Recently, DC/DC resonant converters have received much research interest as a result of the advancements in their applications. This increase in their industrial application has given rise to more efforts in enhancing the soft-switching, smooth waveforms, high-power density, and high efficiency features of the resonant converters. Their suitability to high frequency usage and capacity to minimize switching losses have endeared them to industrial applications compared to the hard-switching conventional converters. However, studies have continued to suggest improvements in certain areas of these converters, including high-power density, wide load variations, reliability, high efficiency, minimal number of components, and low cost. In this chapter, the resonant power converters (RPCs), their principles, and their classifications based on the DC-DC family of converters are presented. The recent advancements in the constructions, operational principles, advantages, and disadvantages were also reviewed. From the review of different topologies of the resonant DC-DC converters, it has been suggested that more studies are necessary to produce power circuits, which can address the drawbacks of the existing one.
Part of the book: Electric Power Conversion
Nowadays, improve the efficiency and reduce active loss are very important target for any electric company. One of the methods to reach this target is using appropriate street lighting and tunnel lighting systems. Control of lighting, appropriate products of lighting system, and management of the luminaire dimming will used to improve the efficiency of lighting network. Studying the lamp efficiency of low pressure sodium, LED, high pressure sodium, compact fluorescent lamps, etc. Case study and calculations of active losses in lighting system of 30 luminaire are presented in this chapter. The results discuss the impact of type and number of luminaires, distance between poles, and dimming ratio on the outdoor lighting efficiency and values of active loss in lighting network which is part of distribution networks.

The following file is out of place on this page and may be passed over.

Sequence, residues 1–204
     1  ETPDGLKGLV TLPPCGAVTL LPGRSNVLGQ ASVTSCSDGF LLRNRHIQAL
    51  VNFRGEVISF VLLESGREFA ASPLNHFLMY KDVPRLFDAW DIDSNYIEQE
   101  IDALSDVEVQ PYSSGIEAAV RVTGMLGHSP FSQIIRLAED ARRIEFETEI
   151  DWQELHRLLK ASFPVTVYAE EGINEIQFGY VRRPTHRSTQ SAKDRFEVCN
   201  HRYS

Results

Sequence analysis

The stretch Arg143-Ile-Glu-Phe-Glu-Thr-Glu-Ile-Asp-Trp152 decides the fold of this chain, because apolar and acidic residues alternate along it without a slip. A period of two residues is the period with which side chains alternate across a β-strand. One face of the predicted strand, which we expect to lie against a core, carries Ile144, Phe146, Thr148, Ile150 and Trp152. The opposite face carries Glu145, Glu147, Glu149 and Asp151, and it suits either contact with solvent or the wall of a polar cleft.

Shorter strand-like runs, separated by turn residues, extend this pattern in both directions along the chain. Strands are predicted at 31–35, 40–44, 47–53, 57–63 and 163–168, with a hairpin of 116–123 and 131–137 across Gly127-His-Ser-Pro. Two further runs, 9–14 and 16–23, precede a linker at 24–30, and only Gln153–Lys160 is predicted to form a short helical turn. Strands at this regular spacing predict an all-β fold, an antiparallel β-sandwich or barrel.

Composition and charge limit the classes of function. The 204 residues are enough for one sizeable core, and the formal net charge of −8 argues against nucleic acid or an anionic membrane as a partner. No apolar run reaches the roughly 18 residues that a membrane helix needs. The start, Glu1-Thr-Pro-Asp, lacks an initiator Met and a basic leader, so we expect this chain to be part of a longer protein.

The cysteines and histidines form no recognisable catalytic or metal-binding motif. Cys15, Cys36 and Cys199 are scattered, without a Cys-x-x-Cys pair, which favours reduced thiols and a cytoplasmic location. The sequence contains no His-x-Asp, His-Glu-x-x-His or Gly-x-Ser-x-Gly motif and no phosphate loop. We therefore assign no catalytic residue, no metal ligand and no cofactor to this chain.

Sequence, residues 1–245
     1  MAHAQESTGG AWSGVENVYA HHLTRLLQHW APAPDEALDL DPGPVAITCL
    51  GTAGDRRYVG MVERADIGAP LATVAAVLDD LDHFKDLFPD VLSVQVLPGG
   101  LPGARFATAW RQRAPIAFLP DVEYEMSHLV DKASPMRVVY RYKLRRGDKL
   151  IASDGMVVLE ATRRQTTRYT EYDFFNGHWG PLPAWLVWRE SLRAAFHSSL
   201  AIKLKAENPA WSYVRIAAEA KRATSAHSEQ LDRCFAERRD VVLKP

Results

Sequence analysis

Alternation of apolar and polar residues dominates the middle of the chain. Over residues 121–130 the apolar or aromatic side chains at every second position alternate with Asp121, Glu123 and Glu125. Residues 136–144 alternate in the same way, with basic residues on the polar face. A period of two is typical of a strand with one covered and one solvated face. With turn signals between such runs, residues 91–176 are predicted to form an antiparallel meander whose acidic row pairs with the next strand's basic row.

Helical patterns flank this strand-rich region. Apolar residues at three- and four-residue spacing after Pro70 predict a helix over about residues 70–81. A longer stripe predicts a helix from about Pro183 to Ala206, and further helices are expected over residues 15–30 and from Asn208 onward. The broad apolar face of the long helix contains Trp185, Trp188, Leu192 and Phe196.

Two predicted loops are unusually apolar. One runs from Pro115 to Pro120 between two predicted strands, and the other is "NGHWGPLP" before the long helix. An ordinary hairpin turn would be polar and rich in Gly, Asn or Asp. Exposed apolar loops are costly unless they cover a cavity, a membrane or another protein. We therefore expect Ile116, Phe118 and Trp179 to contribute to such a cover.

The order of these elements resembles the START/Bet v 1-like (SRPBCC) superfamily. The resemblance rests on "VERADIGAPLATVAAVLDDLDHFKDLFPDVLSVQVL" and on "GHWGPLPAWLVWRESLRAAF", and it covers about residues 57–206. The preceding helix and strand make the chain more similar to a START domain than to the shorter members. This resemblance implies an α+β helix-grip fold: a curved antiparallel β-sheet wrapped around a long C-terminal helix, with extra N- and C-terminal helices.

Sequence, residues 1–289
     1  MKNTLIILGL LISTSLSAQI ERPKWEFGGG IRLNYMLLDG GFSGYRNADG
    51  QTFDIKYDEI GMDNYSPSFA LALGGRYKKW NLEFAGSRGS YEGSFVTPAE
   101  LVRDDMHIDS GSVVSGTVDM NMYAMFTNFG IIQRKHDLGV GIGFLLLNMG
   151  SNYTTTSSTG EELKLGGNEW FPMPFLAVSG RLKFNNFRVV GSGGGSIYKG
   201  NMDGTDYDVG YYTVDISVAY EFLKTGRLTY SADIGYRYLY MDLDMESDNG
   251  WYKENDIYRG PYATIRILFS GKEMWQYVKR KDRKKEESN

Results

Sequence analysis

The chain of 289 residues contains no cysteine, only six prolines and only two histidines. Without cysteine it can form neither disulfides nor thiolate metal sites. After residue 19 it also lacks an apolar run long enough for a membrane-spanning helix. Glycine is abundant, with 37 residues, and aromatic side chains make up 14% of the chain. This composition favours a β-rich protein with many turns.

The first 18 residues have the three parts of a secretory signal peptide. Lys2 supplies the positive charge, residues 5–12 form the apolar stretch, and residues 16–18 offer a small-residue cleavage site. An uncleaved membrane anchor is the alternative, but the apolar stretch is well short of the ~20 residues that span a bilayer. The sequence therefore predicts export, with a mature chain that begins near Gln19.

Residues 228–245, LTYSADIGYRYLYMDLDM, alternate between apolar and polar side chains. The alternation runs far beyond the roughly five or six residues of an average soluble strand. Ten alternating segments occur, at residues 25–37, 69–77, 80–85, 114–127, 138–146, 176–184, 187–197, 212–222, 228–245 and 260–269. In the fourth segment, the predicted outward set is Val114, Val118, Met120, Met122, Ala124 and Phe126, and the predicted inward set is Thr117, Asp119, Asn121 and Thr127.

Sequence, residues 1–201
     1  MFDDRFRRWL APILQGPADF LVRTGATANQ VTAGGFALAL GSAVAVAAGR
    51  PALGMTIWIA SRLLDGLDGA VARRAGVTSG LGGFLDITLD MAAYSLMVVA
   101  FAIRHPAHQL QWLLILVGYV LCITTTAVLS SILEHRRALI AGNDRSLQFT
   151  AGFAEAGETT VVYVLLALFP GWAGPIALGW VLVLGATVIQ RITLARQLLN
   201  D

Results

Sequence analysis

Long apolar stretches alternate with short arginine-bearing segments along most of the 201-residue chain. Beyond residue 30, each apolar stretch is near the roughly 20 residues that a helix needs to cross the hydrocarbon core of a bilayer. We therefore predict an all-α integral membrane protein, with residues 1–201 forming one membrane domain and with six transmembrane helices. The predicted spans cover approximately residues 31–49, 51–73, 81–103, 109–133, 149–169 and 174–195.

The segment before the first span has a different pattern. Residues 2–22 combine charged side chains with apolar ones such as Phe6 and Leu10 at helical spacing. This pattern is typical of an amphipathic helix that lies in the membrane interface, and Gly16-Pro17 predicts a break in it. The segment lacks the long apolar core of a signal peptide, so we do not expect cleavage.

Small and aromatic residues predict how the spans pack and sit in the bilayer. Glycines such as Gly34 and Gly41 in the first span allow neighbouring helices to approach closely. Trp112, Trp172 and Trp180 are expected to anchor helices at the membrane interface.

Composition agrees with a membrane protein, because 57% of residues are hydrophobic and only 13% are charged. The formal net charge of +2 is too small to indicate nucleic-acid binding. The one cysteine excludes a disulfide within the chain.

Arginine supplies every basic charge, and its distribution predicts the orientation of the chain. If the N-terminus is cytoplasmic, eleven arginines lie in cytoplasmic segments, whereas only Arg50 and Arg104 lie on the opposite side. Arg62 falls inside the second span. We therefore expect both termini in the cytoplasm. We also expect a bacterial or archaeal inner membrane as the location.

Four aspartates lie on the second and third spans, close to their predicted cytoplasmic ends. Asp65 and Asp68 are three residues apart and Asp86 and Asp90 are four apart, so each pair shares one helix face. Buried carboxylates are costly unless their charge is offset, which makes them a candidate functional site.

Part of the book: Energy Efficiency and Sustainable Lighting
Thermoelectric generators (TEGs) and their applications have gained momentum for their ability to use waste thermal energy. More contemporary technology must offer more exceptional energy-efficient applications at a lower cost. New technology must also have an ability to generate electric power through the conversion of wasted heat. The TEG has demonstrated its efficiency and how it can offer increased potential by adding an MPPT algorithm to increase the power flow while decreasing the cost of operation. The limitations can be offset by the use of lower cost manufacturing materials and automated systems in the TEG units. It is also important to note the cost per watt found in using a thermoelectric generator is estimated to be $1/W for an installed device. To achieve this goal, the optimum operating point should be monitored by DC to DC converters. The DC to DC converters should also be driven through a generated pulse using an MPPT algorithm.
Part of the book: Renewable Energy